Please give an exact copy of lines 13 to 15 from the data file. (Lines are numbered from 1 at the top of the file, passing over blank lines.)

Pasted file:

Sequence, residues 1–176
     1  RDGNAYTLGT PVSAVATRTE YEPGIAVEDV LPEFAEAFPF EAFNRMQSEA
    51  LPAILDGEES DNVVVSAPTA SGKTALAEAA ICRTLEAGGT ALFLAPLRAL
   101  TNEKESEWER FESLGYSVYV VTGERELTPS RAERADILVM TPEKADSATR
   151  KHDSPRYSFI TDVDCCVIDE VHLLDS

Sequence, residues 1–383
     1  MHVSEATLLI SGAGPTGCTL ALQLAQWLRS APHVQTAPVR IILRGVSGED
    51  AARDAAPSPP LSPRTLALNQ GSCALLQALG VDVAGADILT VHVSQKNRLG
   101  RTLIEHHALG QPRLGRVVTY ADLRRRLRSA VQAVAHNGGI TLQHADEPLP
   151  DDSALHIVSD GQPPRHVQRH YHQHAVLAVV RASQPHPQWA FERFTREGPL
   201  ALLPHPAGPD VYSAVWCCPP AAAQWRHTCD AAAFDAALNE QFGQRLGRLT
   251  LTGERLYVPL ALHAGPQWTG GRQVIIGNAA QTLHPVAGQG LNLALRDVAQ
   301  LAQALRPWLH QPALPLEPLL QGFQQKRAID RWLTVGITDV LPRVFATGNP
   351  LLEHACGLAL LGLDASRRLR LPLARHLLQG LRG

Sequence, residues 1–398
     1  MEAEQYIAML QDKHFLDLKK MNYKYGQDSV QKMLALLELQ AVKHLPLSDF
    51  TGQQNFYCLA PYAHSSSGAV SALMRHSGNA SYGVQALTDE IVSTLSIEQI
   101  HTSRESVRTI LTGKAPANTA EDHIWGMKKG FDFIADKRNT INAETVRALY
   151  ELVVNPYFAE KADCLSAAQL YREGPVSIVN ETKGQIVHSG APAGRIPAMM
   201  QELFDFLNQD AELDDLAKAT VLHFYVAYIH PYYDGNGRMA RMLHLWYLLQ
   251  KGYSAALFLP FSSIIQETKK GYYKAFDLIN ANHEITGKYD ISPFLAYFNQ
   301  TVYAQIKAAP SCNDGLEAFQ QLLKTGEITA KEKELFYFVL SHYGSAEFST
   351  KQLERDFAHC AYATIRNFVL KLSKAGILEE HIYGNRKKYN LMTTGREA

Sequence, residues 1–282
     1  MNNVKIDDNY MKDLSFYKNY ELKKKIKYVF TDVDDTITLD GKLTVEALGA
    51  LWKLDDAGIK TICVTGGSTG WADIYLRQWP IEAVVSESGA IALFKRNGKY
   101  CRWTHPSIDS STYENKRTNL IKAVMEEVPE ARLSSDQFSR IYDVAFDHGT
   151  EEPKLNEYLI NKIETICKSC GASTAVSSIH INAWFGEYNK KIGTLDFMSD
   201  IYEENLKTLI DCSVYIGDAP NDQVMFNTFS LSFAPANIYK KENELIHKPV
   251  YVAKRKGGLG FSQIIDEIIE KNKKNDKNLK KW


   301  LAQALRPWLH QPALPLEPLL QGFQQKRAID RWLTVGITDV LPRVFATGNP
   351  LLEHACGLAL LGLDASRRLR LPLARHLLQG LRG

Sequence, residues 1–398